PLOS Pushes Data Sharing

The open-access publisher has updated its policies, requiring authors to include information on how the public can obtain the raw data behind their research results.

By | February 25, 2014

FLICKR, MISSERIONEffective next week, PLOS journals will require that submitting authors provide a statement about where their data can be freely accessed upon a paper’s publication. Some researchers may be able to include all relevant data within their manuscripts or as part of the supplementary materials; others will have to direct readers to a public data repository—like GenBank, FigShare, or Dryad—where this information is indexed.

While the open-access publisher has always included data sharing as part of its overall mission, Theodora Bloom, editorial director of PLOS Biology, said this was more of an implicit ethos than an explicit directive. “It said in our instructions [that] by submitting, you’re agreeing to share,” she told The Scientist. “Now they’re being asked to make an active statement.”

Tom Jefferson, an epidemiologist at the nonprofit The Cochrane Collaboration and a long-time advocate for the sharing of clinical trial data, applauded the initiative. “If people want to submit stuff for publication [to open-access journals], it’s absolutely right that they should make all the data available,” he said.

Beyond potentially helping independent investigators reproduce published science, data sharing also opens “the possibility of making new discoveries by combining datasets, and preserving important data assets into the future,” Carol Tenopir, the director of the Center for Information and Communication Studies at the University of Tennessee, Knoxville, said in an e-mail.

At least one researcher, who blogs under the pseudonym DrugMonkey, voiced concerns about the new requirements, however. For some disciplines, forcing researchers to make their data public could have unintended consequences, DrugMonkey told The Scientist by e-mail. “From human subjects’ protections to competition within science . . . to the desire to avoid attack from nefarious parties . . . the reasons are manifold.”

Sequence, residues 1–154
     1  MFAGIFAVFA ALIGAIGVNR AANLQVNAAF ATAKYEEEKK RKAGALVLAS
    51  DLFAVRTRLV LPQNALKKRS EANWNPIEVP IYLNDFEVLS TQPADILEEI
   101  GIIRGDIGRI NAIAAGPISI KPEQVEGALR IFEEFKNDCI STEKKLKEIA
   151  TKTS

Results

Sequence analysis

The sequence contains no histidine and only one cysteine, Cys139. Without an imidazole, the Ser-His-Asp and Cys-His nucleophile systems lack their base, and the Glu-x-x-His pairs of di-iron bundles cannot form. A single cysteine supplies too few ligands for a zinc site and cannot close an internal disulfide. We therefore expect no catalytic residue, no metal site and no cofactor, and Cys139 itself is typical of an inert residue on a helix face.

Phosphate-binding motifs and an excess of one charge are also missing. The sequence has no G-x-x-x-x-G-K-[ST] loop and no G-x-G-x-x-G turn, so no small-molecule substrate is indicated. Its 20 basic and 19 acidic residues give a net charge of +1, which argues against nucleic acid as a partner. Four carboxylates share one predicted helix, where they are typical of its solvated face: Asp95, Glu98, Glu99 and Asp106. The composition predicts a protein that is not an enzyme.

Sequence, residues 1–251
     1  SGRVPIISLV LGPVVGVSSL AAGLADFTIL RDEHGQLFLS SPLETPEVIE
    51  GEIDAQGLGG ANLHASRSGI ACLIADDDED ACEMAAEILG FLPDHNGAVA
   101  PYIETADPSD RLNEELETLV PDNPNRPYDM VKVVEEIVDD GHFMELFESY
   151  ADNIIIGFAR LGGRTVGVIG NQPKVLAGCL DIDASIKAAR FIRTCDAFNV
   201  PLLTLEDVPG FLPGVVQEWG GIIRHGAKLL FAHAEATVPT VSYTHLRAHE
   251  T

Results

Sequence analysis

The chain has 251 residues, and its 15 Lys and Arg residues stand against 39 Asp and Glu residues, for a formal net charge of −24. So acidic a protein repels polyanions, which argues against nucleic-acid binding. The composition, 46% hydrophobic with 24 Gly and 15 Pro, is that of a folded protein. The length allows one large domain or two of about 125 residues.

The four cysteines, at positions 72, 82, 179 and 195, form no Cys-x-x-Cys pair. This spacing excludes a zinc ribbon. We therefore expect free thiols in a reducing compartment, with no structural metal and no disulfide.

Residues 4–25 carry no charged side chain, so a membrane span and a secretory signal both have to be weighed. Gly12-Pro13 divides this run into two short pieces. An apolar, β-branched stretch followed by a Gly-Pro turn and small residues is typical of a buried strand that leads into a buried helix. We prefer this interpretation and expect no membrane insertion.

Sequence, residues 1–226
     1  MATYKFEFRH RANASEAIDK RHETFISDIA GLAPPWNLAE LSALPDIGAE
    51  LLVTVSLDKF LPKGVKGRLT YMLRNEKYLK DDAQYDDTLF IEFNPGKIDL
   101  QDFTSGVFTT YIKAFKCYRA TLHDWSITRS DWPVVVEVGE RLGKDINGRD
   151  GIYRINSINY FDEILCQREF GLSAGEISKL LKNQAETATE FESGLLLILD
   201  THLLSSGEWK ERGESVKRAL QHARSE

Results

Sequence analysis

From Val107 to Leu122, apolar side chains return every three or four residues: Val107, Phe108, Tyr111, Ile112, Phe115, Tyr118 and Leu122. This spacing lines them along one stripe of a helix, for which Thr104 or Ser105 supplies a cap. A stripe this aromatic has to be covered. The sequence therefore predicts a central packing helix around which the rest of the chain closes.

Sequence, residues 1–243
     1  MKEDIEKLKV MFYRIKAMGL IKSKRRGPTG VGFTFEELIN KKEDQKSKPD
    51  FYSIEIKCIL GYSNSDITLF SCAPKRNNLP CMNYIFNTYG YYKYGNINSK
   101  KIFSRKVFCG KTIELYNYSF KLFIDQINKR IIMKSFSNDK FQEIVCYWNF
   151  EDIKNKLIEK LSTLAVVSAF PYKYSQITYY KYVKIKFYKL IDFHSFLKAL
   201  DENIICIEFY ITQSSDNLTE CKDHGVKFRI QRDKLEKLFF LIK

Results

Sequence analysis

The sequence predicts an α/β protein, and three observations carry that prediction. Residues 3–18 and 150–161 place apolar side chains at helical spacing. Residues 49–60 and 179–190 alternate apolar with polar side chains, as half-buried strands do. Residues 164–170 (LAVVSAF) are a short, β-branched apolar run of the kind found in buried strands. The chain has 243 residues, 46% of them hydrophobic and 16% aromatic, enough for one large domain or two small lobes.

Moreover, the time and money required to deposit data into public repositories may cause some to reconsider publishing in these journals, DrugMonkey added. “I think it will deter many folks from submitting to PLOS because it is an additional headache factor.”

Yale University cardiologist Harlan Krumholz echoed this sentiment. “I wonder if most clinical investigators can do this feasibly, and at what expense,” he said in an e-mail.

But Harvard University’s George Church, who for the better part of the past decade has run the open-access Personal Genome Project, disagreed. “I think that this is totally feasible,” said Church, who noted that standardized data sharing has long been the norm within certain fields, such as crystallography. “I don’t think it will be a huge burden.”

These data sharing requirements could invoke logistical and consent-related concerns, however. PLOS editors uncovered a number of potential problems when they made their updated requirements public three months ago, said Bloom. Reviewing comments of concern, the editors have since included guidelines to address many of these issues and will consider other situations on a case-by-case basis. “We know that there are circumstances when it isn’t ethical or legal to [share data],” she said. “But we think those should be the rare exceptions.”

The policy move fits with the ongoing trend of making more data available for widespread use. For the past several years, the BMJ has continued to push drug companies to release clinical trial data, and academic initiatives, such as the Yale University Open Data Access Project (YODA), of which Krumholz is director, are working to collate data donated by pharmaceutical companies and make them available for research.

“PLOS’s new policy is quite exciting and supports the notion that a published paper has far more value and credibility when the data underlying that publication are also available,” Peter Doshi, assistant professor at the University of Maryland School of Pharmacy and associate editor at the BMJ, wrote in an e-mail to The Scientist. “There will no doubt be many details to be worked out over time as the policy is put into effect. It will be important to see how this policy works in practice and how it changes how research is done.”

“This action should augment the public dialogue and create demand for solutions to the challenges of sharing data,” Krumholz added.

Correction (February 25, 2014): This story has been updated from its original version to correctly reflect Peter Doshi's affliation with the University of Maryland, not his former position at Johns Hopkins School of Medicine. The Scientist regrets the error.

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